I was hooked on fencing, even going back to watch the January NAC finals. Sergey Bida placed 5th in a field of 350 epee fencers.

Wanting to learn more about the sport, I contacted a local fencing school, the Marin Fencing Academy in San Rafael. Owner Tom Tully, along with other Marin and Petaluma fencers, also competed at the NAC tournament earlier this month.

“This is my sport,” Tully said. “Some people have a sailboat. I have a fencing academy.”

Tully, who loves fencing and enjoys talking about it, invited me to the academy to meet some of the 100 members.

Ernie Simac, 82, started fencing at age 65. The Petaluma resident was introduced to the sport through a summer class at the Petaluma Recreation Center. Although Simac has always been an athlete, going to the 1960 Olympics as an alternate for the U.S. equestrian team, he said fencing is now his only sport.

Simac holds the honor of being the most senior competitor at the January NAC tournament. While he keeps up with a rigorous training schedule—three to four days a week, for a couple of hours each day—Simac said that he puts in the time because he enjoys fencing and competing.

“It’s fun to compete and match your skills with somebody else,” Simac said. “Fencing is a strong mental challenge, and it inspires me.”

The Marin Fencing Academy also has Olympian coaches, including Dorina Vaccaroni, who started fencing when she was five or six. Vaccaroni has won Olympic gold, silver and bronze medals in women’s fencing.

“If you’re good, you continue,” Vaccaroni said. “I went to the Olympics at age 16 because I followed my dream. I never give up, and I teach the kids to never give up.”

Vaccaroni helps coach Lorenz Finney, 17, a foil fencer who’s following his dream. Finney, a Tam High student, started fencing when he was eight. Three years ago, he began competing in tournaments. Now, Finney is the highest-rated fencer at the Marin Fencing Academy, according to Tully. Finney doesn’t necessarily want to go to the Olympics, but he plans to continue fencing in college.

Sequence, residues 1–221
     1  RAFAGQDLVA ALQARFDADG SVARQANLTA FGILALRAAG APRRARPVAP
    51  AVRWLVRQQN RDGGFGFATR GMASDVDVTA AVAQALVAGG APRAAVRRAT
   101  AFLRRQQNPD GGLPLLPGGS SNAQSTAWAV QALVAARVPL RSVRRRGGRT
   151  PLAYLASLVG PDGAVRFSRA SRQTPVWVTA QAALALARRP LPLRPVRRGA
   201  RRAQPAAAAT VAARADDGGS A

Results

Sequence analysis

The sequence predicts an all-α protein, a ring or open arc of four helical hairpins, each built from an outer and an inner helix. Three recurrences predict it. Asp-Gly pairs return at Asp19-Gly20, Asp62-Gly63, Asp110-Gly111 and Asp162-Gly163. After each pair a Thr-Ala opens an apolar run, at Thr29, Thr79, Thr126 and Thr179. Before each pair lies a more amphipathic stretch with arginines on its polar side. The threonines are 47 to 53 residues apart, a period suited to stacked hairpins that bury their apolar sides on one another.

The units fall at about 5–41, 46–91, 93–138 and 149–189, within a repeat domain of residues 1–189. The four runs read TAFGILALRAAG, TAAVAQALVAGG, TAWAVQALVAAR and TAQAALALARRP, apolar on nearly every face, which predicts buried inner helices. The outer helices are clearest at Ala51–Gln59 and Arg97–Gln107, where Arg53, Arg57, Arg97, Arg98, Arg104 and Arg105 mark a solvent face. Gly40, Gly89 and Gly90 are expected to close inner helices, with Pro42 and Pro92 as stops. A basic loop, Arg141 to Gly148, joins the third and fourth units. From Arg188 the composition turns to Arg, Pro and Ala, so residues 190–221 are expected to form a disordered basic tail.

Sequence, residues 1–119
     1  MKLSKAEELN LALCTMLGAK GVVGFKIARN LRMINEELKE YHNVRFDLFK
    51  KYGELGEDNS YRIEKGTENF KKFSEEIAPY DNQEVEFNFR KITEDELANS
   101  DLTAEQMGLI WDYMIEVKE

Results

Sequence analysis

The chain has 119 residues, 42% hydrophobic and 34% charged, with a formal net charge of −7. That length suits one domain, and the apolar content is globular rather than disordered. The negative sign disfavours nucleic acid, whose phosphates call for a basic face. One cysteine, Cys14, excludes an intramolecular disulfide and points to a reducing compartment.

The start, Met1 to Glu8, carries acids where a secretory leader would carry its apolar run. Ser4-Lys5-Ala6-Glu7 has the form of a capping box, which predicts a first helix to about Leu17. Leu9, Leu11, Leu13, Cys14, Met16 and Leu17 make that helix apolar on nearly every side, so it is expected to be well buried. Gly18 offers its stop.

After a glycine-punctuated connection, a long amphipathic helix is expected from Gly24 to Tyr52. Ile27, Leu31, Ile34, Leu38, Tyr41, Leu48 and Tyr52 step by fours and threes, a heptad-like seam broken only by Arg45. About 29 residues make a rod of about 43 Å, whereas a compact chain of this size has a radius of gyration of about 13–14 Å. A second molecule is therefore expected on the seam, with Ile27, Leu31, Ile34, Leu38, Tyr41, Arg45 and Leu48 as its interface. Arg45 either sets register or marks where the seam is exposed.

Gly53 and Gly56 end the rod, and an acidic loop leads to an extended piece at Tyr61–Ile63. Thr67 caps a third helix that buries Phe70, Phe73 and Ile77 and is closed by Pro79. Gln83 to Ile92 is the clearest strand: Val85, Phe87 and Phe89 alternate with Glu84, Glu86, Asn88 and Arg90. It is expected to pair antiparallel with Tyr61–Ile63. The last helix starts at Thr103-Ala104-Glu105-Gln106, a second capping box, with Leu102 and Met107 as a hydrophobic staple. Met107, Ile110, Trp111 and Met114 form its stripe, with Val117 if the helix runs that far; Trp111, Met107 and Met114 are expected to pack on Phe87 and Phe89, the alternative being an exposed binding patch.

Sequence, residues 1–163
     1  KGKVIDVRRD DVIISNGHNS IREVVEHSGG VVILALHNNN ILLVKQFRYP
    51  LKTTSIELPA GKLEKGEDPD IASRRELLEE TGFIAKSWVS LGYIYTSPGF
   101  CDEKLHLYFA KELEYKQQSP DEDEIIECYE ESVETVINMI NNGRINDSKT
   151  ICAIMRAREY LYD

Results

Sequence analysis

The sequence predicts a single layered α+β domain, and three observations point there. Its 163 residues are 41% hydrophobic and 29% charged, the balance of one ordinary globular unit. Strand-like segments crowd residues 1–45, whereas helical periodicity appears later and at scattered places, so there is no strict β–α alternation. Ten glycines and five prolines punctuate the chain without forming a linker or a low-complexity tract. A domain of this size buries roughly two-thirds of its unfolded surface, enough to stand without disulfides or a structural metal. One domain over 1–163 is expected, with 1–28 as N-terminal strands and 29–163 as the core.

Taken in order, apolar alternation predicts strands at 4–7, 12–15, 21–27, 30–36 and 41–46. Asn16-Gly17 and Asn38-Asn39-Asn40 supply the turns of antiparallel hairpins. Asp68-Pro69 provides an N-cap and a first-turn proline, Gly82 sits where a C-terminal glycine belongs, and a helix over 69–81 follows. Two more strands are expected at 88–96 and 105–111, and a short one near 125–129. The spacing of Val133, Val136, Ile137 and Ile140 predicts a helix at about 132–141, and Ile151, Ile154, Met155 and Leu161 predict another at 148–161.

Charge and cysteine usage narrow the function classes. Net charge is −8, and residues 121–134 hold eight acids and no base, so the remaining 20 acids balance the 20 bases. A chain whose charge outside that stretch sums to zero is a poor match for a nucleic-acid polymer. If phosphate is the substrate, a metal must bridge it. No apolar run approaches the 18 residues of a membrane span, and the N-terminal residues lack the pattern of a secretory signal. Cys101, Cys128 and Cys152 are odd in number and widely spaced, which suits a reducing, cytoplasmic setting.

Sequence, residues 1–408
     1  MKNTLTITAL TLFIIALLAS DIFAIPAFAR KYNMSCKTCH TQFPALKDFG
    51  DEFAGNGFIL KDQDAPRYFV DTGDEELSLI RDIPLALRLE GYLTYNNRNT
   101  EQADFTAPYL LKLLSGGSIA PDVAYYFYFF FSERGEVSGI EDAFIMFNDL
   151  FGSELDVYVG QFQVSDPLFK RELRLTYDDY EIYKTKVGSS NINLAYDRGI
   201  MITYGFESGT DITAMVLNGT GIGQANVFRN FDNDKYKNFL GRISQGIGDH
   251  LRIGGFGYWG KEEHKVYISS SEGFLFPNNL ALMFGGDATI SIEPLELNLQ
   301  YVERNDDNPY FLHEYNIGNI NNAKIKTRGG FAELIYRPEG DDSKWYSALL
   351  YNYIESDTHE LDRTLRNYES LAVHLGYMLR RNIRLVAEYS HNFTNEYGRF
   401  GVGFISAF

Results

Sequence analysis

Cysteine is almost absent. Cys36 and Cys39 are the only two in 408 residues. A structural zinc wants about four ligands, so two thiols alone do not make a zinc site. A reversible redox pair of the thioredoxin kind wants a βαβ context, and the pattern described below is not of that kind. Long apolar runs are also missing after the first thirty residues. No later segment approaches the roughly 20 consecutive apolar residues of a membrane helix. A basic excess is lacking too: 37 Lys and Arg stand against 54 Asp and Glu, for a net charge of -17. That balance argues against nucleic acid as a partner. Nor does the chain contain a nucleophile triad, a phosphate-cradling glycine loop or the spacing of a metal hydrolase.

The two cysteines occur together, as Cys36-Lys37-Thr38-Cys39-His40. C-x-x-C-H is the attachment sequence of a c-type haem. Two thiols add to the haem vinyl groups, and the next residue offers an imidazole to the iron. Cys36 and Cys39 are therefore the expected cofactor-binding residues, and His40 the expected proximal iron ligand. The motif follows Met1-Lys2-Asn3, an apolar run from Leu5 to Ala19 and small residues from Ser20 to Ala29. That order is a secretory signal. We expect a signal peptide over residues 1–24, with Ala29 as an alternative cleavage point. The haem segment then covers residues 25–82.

“I really like the competition aspect, strategizing against the opponents,” Finney said. “Through fencing, I’ve made friends and know different people across California.”

Desmond Evans, 10, is another impressive fencer who loves competing. Last year, at his first tournament, Evans placed 8th out of a field of 40. Not surprisingly, the Novato resident also gets straight As in school. Evans calls fencing his number one sport and encourages other kids to try it.

“I think they’d like fencing,” Evans said. “There are good coaches here (at Marin Fencing Academy), and the people are nice. One of my favorite things is traveling to tournaments and meeting new people along the way.”

After spending the weekend at the January NAC and visiting Marin Fencing Academy, I learned that every fencer is wildly passionate about the sport. It’s clear that fencers appreciate the camaraderie, even as they compete against one another. And who doesn’t love a sport where height and speed don’t matter?

Tully’s trying to convince me to take a fencing lesson. I think that I’ll take him up on it. En garde!

Nikki Silverstein
Nikki Silverstein is an award-winning journalist who has written for the Pacific Sun since 2005. She escaped Florida after college and now lives in Sausalito with her Chiweenie and an assortment of foster dogs. Send news tips to [email protected].